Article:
A Critters Condo

It’s that time of year when our homes become a hubbub of activity with many of our smallest citizens making their way across our thresholds.

Male house spiders – seemingly larger every year- prowl the hallway in search of an eight-legged lady companion; earwigs tuck their ‘lug-shaped’ wings away and settle down under the sofa; Peacock butterflies opt for a winter staycation in the attic and lacewings and ladybirds make their tour of the window frames, choosing only the finest of king size beds for their hibernation huddles. 

But don’t let this co-habitation give you the creeps, whether arachnid or arthropod, we are indebted to our native invertebrates.   Tiny of stature but mighty in impact, insects have significant economic, social and cultural value; contributing to food production, pest control, and healthy soils.  But despite their invaluable contribution to pollination and ecosystem services, their future is far from secure.  

Tragically, we are amidst a crisis of insect decline with species abundance dropping like….. well, like flies.  Let’s keep positive, we have still a diverse array of invertebrate species holding on and while these species remain (albeit many in a threatened and vulnerable state) we must believe there is hope of their recovery and a safeguarded future for them here with us in the UK.  But this does require urgent action and all of us can play our part.  An insect-rich future demands a significant reduction, or indeed a complete halt, in the use of harmful pesticides.  Creating better and more connected insect habitat in our gardens, urban greenspaces and countryside is essential to ensuring a wildlife-rich UK and a better future for people.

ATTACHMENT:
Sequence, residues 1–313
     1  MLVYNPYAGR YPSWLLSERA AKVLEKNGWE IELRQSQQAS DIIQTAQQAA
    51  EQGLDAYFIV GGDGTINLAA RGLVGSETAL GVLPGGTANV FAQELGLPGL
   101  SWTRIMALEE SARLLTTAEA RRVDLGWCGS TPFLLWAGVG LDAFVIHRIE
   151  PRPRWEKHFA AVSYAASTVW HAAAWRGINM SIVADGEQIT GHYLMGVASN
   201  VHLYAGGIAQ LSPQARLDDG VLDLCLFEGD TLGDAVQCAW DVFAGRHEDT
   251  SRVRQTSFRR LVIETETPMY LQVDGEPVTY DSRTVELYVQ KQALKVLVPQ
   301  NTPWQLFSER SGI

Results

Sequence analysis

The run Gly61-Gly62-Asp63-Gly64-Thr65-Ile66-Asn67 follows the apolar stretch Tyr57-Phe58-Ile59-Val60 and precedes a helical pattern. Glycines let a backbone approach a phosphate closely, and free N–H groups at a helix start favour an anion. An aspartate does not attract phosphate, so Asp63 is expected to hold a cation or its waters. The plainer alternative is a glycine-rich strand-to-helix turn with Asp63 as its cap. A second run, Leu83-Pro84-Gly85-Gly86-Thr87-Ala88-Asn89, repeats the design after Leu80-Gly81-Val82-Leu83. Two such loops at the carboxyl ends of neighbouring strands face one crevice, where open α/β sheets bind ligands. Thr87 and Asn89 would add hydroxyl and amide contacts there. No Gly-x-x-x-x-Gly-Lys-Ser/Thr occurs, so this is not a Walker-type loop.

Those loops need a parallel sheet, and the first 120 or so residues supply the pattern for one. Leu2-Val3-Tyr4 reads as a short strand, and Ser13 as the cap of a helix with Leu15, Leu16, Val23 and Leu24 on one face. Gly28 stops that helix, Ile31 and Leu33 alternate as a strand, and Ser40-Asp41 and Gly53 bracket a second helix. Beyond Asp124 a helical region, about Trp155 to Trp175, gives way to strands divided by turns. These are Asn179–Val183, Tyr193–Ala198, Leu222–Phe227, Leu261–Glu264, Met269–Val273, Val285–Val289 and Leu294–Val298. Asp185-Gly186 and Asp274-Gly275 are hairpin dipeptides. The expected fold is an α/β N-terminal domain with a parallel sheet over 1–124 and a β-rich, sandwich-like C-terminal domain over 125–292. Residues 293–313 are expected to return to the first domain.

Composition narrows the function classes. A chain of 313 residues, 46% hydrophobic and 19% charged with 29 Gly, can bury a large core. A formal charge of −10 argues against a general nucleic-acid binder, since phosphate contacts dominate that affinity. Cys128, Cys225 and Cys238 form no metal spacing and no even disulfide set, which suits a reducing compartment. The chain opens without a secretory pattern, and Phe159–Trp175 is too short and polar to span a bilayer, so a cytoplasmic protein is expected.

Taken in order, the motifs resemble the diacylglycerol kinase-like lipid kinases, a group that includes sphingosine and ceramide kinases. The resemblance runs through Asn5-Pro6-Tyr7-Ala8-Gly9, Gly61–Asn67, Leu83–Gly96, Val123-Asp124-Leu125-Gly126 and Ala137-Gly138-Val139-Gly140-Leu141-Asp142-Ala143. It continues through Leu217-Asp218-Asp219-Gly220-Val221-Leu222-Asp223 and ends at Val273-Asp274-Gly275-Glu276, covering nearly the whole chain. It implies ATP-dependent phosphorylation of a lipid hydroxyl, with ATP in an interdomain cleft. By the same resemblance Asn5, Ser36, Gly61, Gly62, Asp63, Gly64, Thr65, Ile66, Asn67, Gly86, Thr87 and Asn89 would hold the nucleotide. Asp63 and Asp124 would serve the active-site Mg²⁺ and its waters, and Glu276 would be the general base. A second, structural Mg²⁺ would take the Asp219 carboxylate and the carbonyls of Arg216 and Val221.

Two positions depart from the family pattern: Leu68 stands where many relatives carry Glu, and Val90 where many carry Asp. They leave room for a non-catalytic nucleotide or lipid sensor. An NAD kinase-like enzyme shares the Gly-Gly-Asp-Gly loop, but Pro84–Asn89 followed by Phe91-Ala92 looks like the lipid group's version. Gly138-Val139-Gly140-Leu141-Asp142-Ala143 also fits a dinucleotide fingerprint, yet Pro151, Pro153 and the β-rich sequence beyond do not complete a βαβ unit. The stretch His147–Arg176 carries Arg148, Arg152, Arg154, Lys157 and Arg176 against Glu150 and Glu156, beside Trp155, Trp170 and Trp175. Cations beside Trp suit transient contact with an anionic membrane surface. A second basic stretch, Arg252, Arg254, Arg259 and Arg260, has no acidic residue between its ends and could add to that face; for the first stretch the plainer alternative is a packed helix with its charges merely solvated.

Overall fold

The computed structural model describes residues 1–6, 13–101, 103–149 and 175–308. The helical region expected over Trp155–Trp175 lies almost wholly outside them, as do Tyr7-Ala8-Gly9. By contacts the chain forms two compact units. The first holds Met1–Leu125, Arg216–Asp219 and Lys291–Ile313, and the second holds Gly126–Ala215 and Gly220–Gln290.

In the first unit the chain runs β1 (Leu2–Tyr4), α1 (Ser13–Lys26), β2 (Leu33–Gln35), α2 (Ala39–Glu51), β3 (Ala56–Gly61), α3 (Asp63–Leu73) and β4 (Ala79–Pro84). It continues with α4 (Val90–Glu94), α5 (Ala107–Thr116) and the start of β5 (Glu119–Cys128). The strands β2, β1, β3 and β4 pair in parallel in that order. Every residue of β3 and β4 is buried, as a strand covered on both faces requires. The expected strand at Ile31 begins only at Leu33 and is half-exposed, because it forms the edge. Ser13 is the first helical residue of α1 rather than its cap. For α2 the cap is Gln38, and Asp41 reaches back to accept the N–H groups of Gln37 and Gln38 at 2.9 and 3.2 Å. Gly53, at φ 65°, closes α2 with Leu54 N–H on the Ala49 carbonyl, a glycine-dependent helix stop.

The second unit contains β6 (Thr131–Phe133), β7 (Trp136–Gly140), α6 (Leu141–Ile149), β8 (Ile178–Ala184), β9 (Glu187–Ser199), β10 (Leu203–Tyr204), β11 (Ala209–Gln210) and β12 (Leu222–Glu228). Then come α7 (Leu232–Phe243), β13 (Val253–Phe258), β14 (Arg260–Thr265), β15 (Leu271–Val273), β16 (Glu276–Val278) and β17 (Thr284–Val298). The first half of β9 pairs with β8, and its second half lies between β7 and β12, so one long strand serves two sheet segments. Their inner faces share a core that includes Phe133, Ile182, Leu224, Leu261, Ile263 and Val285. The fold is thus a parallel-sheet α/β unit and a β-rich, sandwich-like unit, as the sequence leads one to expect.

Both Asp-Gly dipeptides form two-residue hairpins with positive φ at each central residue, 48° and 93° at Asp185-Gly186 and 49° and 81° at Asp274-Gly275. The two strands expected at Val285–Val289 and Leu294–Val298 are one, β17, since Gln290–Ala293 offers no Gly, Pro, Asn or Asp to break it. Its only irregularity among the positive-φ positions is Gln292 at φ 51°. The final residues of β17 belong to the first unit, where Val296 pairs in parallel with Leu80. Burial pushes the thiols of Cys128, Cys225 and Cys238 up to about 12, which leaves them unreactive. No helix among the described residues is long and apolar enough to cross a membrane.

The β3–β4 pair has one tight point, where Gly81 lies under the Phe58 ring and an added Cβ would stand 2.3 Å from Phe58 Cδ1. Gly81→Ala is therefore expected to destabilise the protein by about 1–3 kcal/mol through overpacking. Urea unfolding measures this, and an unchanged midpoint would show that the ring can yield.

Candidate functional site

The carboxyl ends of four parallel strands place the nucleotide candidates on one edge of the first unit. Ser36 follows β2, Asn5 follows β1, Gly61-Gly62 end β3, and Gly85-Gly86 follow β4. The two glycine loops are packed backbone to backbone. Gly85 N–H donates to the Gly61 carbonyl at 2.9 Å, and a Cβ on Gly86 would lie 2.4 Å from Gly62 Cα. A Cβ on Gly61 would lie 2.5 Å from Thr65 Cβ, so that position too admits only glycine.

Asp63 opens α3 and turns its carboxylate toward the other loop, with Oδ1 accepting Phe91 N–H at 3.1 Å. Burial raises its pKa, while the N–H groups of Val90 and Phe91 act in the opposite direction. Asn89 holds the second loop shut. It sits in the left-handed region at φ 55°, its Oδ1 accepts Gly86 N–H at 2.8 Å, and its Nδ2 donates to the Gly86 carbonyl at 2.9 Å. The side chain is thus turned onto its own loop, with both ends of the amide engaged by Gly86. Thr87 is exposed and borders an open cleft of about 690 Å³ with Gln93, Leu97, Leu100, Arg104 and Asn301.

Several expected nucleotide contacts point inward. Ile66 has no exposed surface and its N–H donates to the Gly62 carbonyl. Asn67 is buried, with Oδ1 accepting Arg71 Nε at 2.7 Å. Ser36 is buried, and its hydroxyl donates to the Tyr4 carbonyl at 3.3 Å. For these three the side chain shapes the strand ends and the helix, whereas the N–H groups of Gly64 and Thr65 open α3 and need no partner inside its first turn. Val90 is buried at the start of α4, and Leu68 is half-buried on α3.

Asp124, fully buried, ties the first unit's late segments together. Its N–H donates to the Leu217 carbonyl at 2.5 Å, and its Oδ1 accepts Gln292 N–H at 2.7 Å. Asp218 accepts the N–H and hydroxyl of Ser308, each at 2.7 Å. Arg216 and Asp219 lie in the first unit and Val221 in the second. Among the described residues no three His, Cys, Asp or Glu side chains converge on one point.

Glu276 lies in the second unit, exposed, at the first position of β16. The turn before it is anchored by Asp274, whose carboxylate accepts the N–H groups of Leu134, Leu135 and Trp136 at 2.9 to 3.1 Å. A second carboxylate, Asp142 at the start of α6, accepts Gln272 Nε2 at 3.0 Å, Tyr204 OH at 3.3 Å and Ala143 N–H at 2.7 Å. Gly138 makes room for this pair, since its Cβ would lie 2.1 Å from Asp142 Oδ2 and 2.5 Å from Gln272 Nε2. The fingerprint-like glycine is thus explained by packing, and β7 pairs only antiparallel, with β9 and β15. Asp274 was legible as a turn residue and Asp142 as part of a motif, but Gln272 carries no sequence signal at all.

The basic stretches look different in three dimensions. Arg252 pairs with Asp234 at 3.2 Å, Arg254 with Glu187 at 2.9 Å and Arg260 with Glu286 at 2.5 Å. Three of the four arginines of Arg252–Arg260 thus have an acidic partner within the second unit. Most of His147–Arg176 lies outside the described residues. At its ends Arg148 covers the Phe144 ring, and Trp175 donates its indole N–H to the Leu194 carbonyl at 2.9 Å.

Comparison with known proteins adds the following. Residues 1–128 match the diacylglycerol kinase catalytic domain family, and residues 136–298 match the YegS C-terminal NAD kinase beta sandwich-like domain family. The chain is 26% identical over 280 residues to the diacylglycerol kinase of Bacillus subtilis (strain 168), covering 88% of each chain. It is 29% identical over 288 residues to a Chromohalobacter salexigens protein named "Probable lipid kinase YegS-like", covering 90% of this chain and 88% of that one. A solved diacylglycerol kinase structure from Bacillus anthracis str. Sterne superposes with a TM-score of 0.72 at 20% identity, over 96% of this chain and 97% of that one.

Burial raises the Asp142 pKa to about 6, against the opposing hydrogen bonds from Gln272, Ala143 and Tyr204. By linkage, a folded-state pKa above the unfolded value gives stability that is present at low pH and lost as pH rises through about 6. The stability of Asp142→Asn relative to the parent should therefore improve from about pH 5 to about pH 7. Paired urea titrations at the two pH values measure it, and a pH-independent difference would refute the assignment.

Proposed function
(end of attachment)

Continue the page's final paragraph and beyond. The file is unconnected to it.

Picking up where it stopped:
No doubt action to save insects is required on a national scale, with ambitious and bold changes. But smaller, local actions are equally important in preventing further loss and, at times, challenging public perceptions of insects. So our Heart of Durham Volunteers were more than happy when Northumbrian Water requested their assistance to create an aesthetically pleasing home for insects within the sewage treatment works at Barnard Castle.  

 

The new-build is situated in a sunny corner of the site sheltered from prevailing wind and rain. Its waterproof roof will provide extra shelter from inclement weather but will also prevent buildup of mold and disease.  Logs drilled with a variety of holes – some as small as 3mm diameter – provide accommodation for a wide range of burrowing beetles, bugs and bees. Broken clay pots and slates offer basking surfaces for sun-loving, spineless residents. The basement suit has a rustic design with two small entrances surrounded by timber and filled with luxurious dried leaves and straw – a tempting winter hideaway for hedgehogs. 

With so much choice of accommodation on offer in the bug hotel, it’s a wonder if any insects will head for our central heated, human -filled houses.  And if they do, why not let them find their own quiet corner and see out the colder months in their humble company. 

 

new bug hotel front view

Bug hotel construction complete

Take action for insects